Compromise My Ass

by LF (10/13/99)

I'm tired of hearing about the glories of "compromise" from the anti-gun forces. Back when machine guns were outlawed from further civilian-accessible production by Reagan, was I sent some M16/AR-15 mags as compensation? When the importation of foreign semi-auto firearms were first knocked down by Bush, did Neo-Con authoritarian William Bennett enclose a Remington 1100 and a wink to let me know that after the War on Drugs eventually died down that we'd soon be best buds again? When Clinton signed the Brady Bill, did I get a Glock to stay my anger, since I'd been dutifully filling out federal forms for years and was obviously one of the good guys? When the high-cap mag ban passed, did I get a few cases of the military surplus ammo now rotting away in gubmint warehouses?

Nope, nope, nope, and nope. Of course my tormentors did nothing of the sort. There is no true compromise (which implies some sort of a trade-off) looming. It has been only take and take, and never give. The only reason that there has not been blood flowing in the streets is that most of the nasty old stuff has been "grandfathered", which means that those lucky enough to have owned the evil implements before the various bans could keep them.

Next up is crunch time. As in, "turn them all in, or else." The "or else" will not be a smooth ride.

What the anti's want to do would be analogous in a First Amendment case to ripping out our tongues so that we can't speak, breaking all our fingers so that we can't type, and anchoring us in place so that we cannot assemble.

Mention something theoretically along those lines to a hard-core Free Speech-type, and they'll spend hours going over what happened to folks like Eugene Debs, Wilhelm Reich, etc. But the thought of pulling an equivalent snatch on every goob with a gun just doesn't seem to get the same passionate response. I can only hope that they will be forced to kneel down in a ditch before it's my turn.

. . .

On a somewhat related note, something I would really like to see come to pass would be well-defined parameters on public debates. One of the most fun things I watched in the last few years was economist John Lott smashing his critics on CSPAN2 about two years back. A bunch of anti-gun pseudo-scholars tried to pull a fast one by atomizing his results. If he stated that a particular county's crime rates had dropped, they tried to sandbag him by latching on to the one city or town in the area where the crime rates either stayed the same or increased. Lott expected that sort of baloney, and slapped them back with the figures for the particular state as a whole. That's what statistics are all about -- Lott was working off the figures for the ENTIRE country, and while there are certainly some smaller identifiable regions that bucked the national trends, on the whole his thesis (that the introduction of concealed handgun carry laws reduced the overall murder and rape rates) has been overwhelmingly borne out. At best his critics were reduced to sputtering that maybe the impact of armed citizens on violent crime rates were a wash, a far cry from their previous position that average folks carrying concealed would lead to bloodbaths on every corner.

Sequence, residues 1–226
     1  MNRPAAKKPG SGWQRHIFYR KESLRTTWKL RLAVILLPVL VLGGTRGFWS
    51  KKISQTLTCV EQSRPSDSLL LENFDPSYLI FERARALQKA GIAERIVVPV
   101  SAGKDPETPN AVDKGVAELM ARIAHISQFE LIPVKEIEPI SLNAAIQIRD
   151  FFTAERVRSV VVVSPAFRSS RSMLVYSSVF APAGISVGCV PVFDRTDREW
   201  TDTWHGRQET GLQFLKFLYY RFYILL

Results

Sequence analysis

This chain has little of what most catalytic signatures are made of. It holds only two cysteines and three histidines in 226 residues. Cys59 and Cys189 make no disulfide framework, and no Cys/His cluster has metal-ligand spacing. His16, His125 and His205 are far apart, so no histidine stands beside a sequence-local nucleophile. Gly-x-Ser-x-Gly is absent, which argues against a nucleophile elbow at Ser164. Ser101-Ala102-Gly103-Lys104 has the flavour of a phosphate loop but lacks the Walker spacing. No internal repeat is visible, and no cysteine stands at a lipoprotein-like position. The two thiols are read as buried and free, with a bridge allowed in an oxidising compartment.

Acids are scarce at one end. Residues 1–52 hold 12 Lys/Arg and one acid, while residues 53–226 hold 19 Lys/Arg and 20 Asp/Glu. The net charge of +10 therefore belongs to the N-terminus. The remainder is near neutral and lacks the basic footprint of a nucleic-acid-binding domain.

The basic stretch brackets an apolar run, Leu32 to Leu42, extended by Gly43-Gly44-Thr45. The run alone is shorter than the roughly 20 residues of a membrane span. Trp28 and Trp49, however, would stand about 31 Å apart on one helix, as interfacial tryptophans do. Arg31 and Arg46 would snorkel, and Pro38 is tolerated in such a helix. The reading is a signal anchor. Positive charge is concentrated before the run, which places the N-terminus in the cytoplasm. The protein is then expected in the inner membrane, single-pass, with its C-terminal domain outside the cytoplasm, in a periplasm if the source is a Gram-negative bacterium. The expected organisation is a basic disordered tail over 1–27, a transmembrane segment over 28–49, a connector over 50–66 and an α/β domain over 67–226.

That lively panel discussion set me to thinking. The first thing that popped into my head was the "argument" given years ago by ACLU head Nadine Strossen as to why her band of socialist moles has ditched the Second Amendment. It was actually a pretty good one in that it laid out a straightforward proposal which could be invalidated by those who bothered to do some necessary research (see my Why the Right to Bear Arms is Still Relevant bit for some examples). The most frustrating thing about the way that most public policy debates are framed these days is that the proponents of Great New Things are wary enough to only talk about the wonderful benefits of their innovative thrusts and bold new paradigms, and never delve into their sometimes brutal consequences.

So that's exactly what I'm asking for here. Parameters just have to be set. Any zippy government policy undoubtedly has a swell X (at least for those who directly benefit from it, including of course the political class) -- but it will unfortunately generate a nasty Y, at the very least on the taxpayers who have to bear the immediate brunt of the costs of its enactment. How bad Y may get should be the measure. Back when Social Security was passed, there were thirty-some workers for every recipient. Nowadays the number of workers has dropped by a factor of just over ten, while the level of benefits granted to the check catchers have zoomed skyward. That's a truly bad thing, as evidenced by my current take-home pay.

So let's look at some other things:

Up the spout